Featured Golf News
World's Longest Golf Course Set to Open later in October
Out on the Nullarbor Plain, daytime temperatures can soar above 50C, yet plummet well below freezing at night. And rainfall, well, let's just say there isn't much.
It's not the ideal place you'd think for building a golf course, let alone the world's longest one. But that's exactly what some intrepid (or crazy) golf fanatics have done.
Nullarbor Links Golf Course will be officially opened on October 22. It is an 18 hole-par-72 layout that stretches over 1,365 kilometers from Kalgoorlie in West Australia to Ceduna in South Australia, making it the world's longest golf course.
To create the course, 13 "Grass That Lasts" synthetic golf greens and tees were constructed to provide some greenery in the harsh Australian semi-desert environment. Between tee and green there is a rugged outback-style natural terrain fairway. The remaining five holes are played on sand greens.
The hazards don't just stop at the climate. Brown snakes and death adders add heart-racing spice to l bunkers; dingoes, kangaroos and emus are seen roaming the rough; and wedge-tailed eagles and whales off the Great Australian Bight make unusual spectators in the gallery during your round.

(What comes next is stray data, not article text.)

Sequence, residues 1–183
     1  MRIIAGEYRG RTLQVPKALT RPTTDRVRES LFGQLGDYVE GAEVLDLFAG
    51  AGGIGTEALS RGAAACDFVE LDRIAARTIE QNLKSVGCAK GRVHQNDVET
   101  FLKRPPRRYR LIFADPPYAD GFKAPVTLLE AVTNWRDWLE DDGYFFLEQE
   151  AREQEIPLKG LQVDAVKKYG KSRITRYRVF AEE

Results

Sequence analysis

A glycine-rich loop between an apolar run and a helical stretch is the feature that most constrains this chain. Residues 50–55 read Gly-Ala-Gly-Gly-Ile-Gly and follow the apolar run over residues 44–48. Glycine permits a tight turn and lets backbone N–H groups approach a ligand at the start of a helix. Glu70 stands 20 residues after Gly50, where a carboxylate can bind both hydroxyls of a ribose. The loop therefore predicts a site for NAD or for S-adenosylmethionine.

Needless to say, this is a course that takes several balls to tackle.
"This demonstrates that by using the right materials, you can create a magnificent, enjoyable golf course no matter what the environment and this is certainly one of the most unforgiving on the planet. But it's also one of the most beautiful." said Robert Stock, a PGA pro from Grass That Lasts who helped to build the course. "It took some innovative thinking and lots of hard work but we got there in the end."
Construction of the course took 2,000 square meters of Grass That Lasts' sand-filled and synthetic greens, 1,000 tons of crushed rock, sand, rubber and turf. Half of the material was transported over 5,000 kilometers from Melbourne to the site via Perth. The project was three years in the planning and the greens and tees took eight weeks to construct.
For additional information about the course, visit www.kalgoorlie.com/nullarborlinks.